Athletes Performance Institute, which has four locations in warm-weather locales, offers a comprehensive program. It includes physical and media training and preparation for the Wonderlic, an aptitude test given at the Combine, director Joe Gomes said.
API has trained the past four No. 1 overall picks, and this year, it worked with about 60 players prior to the Combine, Gomes said.
Combine training at API costs up to $12,000. IMG, meanwhile, gets between $15,000 to $20,000 per player.
If what facilities such as API and IMG charge seems like a lot, it's the price agents often have to pay to do business. The promise of sending highly regarded prospects to training facilities prior to the Combine — sessions generally last from six to 10 weeks — has become a part of agents' recruiting pitches to players.
"You almost have to do it now," Cindrich said.
Training Sean Lee, an Upper St. Clair and Penn State graduate, for the Combine is something Steve Saunders did reluctantly.
Saunders owns Power Sports Institute, which has training facilities in several cities, including Pittsburgh, and he works with a handful of Steelers, including Miller and outside linebacker James Harrison.
Saunders said his pre-draft training has a limited number of players, so he can give them the attention they need.
In the case of Lee, Saunders worked with the linebacker on overcoming a knee injury he sustained his senior season at Penn State. The two also worked on getting more range of motion in Lee's hips to reduce some of the stress he was putting on his knees.
As for the Combine-related drills he put Lee through, Saunders didn't hide his disdain for them.
"We take an inordinate amount of time preparing for (Combine) drills because the flip side of that is if you look bad, you could hurt yourself as much as you help yourself," Saunders said. "So, if we didn't spend any time on the drills and Sean shows up and runs a lousy (40-yard dash time), all of the sudden, it's: 'Well, he must be slow. There must be something wrong.' Or he shows up and bench presses 225 (pounds) 12 times instead of 28 times: 'He must be real weak'.
"Regardless of what a waste of time I think it is, you still have to prepare for it because they need to look good."
Saunders said if NFL teams want a more accurate evaluation of players based on the what they do at they Combine, they should change the format so that it's more like a pop quiz.
"If they wanted to have a true Combine, they would show up tomorrow and say: 'Hey, sorry guys, we're not running any of the stuff you prepared for. Here are these five drills; we're going to do. Let's see who the athletes are,' " Saunders said.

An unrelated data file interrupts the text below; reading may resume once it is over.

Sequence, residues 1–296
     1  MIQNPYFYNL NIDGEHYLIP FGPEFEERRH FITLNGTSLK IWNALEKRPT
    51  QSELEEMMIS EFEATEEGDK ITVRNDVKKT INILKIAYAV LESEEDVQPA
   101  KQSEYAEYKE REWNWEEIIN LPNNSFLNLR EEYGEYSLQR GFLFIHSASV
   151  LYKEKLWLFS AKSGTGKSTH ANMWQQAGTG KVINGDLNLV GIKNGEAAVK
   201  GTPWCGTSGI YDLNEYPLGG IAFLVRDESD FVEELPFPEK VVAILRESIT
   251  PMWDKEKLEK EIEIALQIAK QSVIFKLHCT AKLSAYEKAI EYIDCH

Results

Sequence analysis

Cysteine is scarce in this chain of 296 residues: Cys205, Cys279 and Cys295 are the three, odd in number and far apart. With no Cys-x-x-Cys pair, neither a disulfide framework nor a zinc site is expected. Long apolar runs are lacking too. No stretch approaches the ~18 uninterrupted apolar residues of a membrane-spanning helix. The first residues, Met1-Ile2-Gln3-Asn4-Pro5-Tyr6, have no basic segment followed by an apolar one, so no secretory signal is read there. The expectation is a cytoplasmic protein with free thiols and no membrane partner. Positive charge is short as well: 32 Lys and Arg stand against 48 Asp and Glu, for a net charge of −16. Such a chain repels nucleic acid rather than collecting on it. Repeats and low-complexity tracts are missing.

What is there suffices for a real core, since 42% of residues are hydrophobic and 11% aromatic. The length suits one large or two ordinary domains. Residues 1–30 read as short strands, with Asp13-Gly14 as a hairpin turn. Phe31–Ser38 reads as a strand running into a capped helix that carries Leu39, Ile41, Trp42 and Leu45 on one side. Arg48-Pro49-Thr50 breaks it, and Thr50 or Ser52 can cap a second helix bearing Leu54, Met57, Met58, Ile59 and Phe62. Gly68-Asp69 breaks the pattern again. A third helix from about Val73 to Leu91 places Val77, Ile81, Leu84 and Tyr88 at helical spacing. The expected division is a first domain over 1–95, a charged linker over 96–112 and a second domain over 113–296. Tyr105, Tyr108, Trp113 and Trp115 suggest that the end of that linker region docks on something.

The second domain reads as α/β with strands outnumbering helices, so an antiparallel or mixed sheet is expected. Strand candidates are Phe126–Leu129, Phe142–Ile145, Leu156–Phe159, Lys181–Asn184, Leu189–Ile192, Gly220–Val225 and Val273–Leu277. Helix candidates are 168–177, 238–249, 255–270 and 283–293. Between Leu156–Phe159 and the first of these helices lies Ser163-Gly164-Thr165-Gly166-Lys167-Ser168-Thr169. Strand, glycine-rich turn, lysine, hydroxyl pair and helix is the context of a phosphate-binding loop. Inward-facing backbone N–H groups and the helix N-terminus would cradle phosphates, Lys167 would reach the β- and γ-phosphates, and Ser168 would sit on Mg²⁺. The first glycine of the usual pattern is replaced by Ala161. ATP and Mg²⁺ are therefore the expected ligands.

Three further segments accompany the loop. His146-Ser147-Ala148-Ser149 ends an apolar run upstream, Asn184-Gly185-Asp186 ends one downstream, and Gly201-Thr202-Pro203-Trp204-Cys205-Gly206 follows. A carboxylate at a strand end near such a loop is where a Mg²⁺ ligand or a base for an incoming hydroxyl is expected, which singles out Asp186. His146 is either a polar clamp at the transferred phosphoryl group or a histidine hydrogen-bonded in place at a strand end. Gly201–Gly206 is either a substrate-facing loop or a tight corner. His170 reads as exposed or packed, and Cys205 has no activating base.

Players that train for the Combine say their experience isn't limited to getting ready for the event.
Eric Decker, a wide receiver from Minnesota, trained at API in Arizona, and he said he worked on overcoming a foot injury that plagued him for much of his senior season. In addition to training for Combine-specific drills, Decker said he watched film and worked with former NFL wide receiver Roy Green.
"To be with those type of elite athletes and to have those resources just kind of gives you that edge," said Decker, who's expected to be an early round pick.
San Francisco 49ers coach Mike Singletary agreed that Combine training helps players with more than just the week they spend in Indianapolis.
"It does make them a better football player if they can run faster, if they can get stronger," Singletary said. "You just wish they could do a little with some of the other things like the heart and the passion. I wish there were a way to test some of those things."
In some ways, what a player does to get ready for the Combine can give a glimpse into such intangibles.
"What's the Combine about?" Moawad said. "It's about providing teams with information. Your goal is to make sure the information you provide is much more than just a 4.45 40, but that they can count on you and that you can handle adversity as well as success."
Let's get physical
Here are the seven drills in which all players are tested at the NFL Scouting Combine:
40-yard dash: Titans All-Pro running back Chris Johnson ran a 4.24 in 2008, which may have propelled him into the first round of the draft.
225-pound bench press: Arkansas guard Mitch Petrus tied a Combine record Friday with 45 repetitions.
Vertical jump: Wide receivers and defensive backs who excel here can separate themselves from the pack.
Broad jump: Like the vertical jump, it's done from a standing position, and it helps gauge lower-body power.
Three-cone drills: This relates to football as much, if not more, than any other drill, as it simulates stopping and starting.
20-yard shuttle: Also known as the short shuttle, it measures quickness and the ability to change direction.
60-yard shuttle: The equivalent of so-called suicides in basketball measures endurance.